Saint Alexis the Carpatho-Rusyn (Kabalyuk) Saint Alexis the Carpatho-Rusyn (Kabalyuk) With the beginning of the twentieth century, the revival of the Orthodox Church in Transcarpathia began. The Austro-Hungarian authorities tried in every possible way to prevent this, believing that the movement for the revival of Orthodoxy was of a social and national liberation character. The authorities organized two trials against the Orthodox in Maramorosh-Sighet16, in 1903–1904 and 1913–1914, but these prosecutions could not stop the revival of Orthodoxy. Saint Alexis the Carpatho-Rusyn (Kabalyuk; † 1947)17 stood at the head of the Orthodox movement in Transcarpathia.

After the entry of Transcarpathia into Czechoslovakia in 1919, under the name Subcarpathian Rus' (Podkarpatská Rus), the Orthodox Church finally received the opportunity to develop freely. According to Canon Law, the Serbian Orthodox Church received Transcarpathia into its territory as part of its canonical jurisdiction. In 1921, the Serbian Holy Synod sent its hierarch, the Bishop of Niš, St. Dosifei (Vasić), to Subcarpathian Rus’. This Holy Hierarch has a significant role in the establishment of Orthodoxy among the Rusyns. He founded dozens of Orthodox parishes and streamlined monastic life; monasteries for men and women were established in Iza, Lipcha, and Tereblia.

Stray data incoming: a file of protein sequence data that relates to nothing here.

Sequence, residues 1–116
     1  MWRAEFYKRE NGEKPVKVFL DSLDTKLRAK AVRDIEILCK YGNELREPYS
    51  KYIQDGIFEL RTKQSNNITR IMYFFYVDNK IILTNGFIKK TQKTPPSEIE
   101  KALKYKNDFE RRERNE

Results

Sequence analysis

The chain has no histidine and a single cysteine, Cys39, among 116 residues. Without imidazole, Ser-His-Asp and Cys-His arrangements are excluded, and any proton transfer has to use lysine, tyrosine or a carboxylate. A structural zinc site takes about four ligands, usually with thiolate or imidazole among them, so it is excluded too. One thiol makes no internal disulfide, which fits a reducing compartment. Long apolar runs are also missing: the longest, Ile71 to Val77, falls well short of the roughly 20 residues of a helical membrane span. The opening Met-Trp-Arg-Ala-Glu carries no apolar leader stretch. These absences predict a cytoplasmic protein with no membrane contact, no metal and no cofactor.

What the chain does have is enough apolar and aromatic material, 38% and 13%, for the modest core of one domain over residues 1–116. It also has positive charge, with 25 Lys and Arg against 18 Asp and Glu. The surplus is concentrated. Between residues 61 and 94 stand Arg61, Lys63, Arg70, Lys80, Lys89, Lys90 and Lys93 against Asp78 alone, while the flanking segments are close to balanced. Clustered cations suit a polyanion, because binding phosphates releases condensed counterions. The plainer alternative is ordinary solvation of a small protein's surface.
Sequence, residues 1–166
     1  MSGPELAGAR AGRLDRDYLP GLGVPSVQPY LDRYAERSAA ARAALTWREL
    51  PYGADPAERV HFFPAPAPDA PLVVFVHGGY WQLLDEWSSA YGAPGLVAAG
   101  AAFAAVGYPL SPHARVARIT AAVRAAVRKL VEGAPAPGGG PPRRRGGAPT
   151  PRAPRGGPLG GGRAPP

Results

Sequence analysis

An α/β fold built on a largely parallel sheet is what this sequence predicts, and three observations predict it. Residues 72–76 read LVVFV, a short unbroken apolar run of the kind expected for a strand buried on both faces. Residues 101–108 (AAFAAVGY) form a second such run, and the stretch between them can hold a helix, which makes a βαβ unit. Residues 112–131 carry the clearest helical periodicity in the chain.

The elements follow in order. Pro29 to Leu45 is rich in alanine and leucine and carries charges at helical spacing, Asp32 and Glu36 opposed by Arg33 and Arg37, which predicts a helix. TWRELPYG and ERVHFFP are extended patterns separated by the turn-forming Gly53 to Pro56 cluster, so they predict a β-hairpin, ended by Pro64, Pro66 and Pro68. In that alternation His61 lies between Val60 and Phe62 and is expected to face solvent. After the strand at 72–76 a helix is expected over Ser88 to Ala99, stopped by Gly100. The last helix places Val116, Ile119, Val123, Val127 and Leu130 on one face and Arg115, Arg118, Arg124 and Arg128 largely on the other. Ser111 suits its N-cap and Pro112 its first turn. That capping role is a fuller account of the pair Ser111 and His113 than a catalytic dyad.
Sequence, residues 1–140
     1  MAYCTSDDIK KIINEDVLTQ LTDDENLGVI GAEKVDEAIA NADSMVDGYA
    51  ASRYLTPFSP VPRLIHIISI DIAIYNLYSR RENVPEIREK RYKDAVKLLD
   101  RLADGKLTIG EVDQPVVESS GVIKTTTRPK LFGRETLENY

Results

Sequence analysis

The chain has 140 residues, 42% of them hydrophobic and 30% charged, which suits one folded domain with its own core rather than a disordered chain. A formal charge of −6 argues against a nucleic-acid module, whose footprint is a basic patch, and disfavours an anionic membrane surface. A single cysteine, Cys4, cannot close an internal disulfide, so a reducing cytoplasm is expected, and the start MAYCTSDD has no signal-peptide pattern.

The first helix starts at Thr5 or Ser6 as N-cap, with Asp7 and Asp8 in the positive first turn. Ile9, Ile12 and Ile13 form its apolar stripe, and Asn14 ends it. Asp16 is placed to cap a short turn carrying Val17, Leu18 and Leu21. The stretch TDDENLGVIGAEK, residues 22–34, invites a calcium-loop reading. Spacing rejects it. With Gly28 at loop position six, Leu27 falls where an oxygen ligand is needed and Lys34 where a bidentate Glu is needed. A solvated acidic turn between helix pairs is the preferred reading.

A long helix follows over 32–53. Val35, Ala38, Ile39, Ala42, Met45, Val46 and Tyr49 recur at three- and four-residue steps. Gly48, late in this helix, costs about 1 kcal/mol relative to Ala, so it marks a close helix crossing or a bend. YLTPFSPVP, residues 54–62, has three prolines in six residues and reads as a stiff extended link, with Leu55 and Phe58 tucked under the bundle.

St. Dosifei (Vasić) St. Dosifei (Vasić) One of the most significant problems of the time was the lack of Orthodox clergy. In this regard, in 1920-1930 many Transcarpathians received spiritual education in theological institutions of Serbia. After Bishop Dosifey, the Carpatho-Russian Orthodox Church was led by the bishops: Irinej Ćirić of Novi Sad, Seraphim (Ivanović) of Prizren, and Joseph (Cviević) of Bitola.

In 1931, the ancient Cathedra of Mukachevo was restored, which also included within its canonical-jurisdictional territory the parishes of Eastern Slovakia (The Diocese of Prešov). The first Bishop of Mukachevo and Prešov was Damaskin (Grdanički). The Hierarch reorganized the spiritual consistory, and helped to elevate the education of the clergy. To do this, he organized pastoral and theological courses at St. Nicholas Monastery in Iza. The diocesan home was also built in Mukachevo. The Czechoslovakian government began to provide financial assistance to the Orthodox clergy.